Joe Talmon of Dave Yoho Associates will present at Fenestration Day on March 19. In today’s guest blog, Talmon provides some insights into sales and marketing. To learn more of these marketing tactics from Talmon, be sure to register for Fenestration Day.

In late 2008, the “high-flying” era for the home remodeling/improvement industry started to develop complex problems. Over the following years, the phone didn’t ring as much, referrals lessened and in general there was less business to share. Thus began the cries of woe regarding the recession. Yet during that same period of time, while many remodelers were fighting to survive, there were many companies that were actually thriving in the same industry in the same markets.

What really occurred is that the home remodeler succumbed to the concept that business was and would continue to be “poor.” Here, I’ll inject a little known phenomenon called “Make Marketing vs. Take Marketing.” Moreover, this is a key if you are selling a product/service directly to the user which requires installation into or onto an already-existing dwelling.

Take Marketing vs. Make Marketing

Simply stated, “take marketing” enables the seller of goods and services to analyze the market, then design a program which will enable the marketer to sell a percentage of that market. Once accomplished, this is called market share.

This is especially true of the building materials industry. There is a fairly accurate projection as to how many houses will be built, torn down or remodeled over the course of a year. An accurate projection can also be made as to how many feet of piping, flooring, roofing, insulation, windows, etc. will be used. People who offer goods in those markets will decide how to “take” the piece of that market which their product can accommodate by price, quality, distribution, and similar factors.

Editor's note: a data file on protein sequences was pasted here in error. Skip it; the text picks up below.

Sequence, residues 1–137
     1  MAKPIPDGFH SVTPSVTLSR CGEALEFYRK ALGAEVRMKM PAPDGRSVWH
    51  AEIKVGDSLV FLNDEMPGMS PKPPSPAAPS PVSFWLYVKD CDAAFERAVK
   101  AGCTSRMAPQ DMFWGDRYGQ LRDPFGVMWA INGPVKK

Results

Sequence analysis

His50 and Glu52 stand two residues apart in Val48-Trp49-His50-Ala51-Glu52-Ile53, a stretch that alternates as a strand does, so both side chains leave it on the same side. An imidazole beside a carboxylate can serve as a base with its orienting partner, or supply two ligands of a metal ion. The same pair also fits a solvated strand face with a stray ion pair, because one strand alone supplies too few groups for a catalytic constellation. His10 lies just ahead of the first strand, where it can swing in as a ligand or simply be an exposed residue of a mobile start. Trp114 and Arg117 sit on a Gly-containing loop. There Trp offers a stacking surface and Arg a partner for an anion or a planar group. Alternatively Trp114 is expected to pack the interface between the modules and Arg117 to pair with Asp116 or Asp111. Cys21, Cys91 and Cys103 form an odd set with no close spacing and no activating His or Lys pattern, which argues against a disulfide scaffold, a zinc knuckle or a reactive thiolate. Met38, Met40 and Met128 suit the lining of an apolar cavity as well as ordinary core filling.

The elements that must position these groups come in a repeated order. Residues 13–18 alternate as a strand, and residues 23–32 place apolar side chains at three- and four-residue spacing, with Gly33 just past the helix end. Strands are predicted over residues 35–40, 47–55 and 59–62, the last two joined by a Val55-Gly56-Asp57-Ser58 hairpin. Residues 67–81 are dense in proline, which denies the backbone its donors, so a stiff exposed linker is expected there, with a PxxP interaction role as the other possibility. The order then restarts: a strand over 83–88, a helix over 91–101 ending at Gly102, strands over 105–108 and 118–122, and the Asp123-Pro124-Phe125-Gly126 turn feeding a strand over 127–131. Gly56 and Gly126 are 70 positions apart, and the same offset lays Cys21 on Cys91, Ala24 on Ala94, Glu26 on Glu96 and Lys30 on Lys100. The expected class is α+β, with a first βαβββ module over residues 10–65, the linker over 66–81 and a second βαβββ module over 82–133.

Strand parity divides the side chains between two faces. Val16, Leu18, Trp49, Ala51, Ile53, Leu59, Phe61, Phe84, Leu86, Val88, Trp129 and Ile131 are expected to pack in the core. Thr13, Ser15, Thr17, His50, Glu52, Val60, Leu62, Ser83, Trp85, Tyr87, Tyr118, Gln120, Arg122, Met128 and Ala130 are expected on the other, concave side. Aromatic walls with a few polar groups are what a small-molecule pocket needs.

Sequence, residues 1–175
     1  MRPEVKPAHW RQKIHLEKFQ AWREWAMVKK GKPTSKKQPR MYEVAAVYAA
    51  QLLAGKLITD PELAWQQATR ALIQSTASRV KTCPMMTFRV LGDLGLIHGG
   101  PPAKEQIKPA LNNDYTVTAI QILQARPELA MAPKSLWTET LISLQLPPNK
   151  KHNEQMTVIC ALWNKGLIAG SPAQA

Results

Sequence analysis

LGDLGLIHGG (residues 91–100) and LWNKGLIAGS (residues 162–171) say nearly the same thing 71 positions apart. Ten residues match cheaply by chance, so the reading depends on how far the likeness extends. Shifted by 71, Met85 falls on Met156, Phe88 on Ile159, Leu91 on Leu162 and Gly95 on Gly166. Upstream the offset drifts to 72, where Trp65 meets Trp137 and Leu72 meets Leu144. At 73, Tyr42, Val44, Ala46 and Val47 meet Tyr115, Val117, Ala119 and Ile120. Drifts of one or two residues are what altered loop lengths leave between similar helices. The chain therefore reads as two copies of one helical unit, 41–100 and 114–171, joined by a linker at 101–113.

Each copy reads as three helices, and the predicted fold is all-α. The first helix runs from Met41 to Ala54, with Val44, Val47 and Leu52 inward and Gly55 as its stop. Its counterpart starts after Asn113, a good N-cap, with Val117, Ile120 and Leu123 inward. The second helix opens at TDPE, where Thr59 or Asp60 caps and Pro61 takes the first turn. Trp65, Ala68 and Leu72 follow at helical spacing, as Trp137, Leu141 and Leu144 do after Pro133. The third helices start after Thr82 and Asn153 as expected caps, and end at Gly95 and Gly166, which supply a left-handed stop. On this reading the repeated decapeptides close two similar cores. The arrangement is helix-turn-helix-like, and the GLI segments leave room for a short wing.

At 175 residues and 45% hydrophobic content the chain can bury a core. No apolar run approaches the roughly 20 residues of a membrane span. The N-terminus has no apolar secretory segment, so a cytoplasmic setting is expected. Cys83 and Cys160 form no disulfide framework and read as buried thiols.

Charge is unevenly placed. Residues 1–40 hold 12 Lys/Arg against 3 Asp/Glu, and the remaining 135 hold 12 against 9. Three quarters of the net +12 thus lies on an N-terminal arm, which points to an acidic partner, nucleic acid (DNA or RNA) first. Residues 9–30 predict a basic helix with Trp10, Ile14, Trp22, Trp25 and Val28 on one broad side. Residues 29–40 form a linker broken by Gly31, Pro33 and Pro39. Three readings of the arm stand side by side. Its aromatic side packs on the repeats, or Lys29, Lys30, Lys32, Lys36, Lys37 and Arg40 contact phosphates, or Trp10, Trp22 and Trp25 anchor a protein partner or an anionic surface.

Next, examine what happens when fewer people plan to undertake remodeling. Remodelers, unable to maintain their original market position, downsize, adjust prices or undergo similar machinations to try and maintain market penetration and revenue retention.

How Successful Companies Utilize Make Marketing

The make marketer finds ways to stimulate prospects by offering them an opportunity to look, preview, see a demonstration, get free inspections, and other similar tactics. Here, a methodology is employed to take prospects (those who can use the product/service) from “no” to “maybe” to “yes.” In order to get a maybe or a yes, you must utilize almost every conceivable manner of communication, though some are a lot more effective than others. All require the development of structured programming and presentation skills unlike that of take marketing.

Here are some of the methods used by successful make marketers for remodeling/home improvement companies.

  • Exhibits at shows and events;
  • F.I. (sell, furnish, install) programs utilized by wise marketers such as Home Depot, Sears, Sam’s Club;
  • Innovative Internet marketing;
  • Effective call centers to utilize unsold or undistributed leads;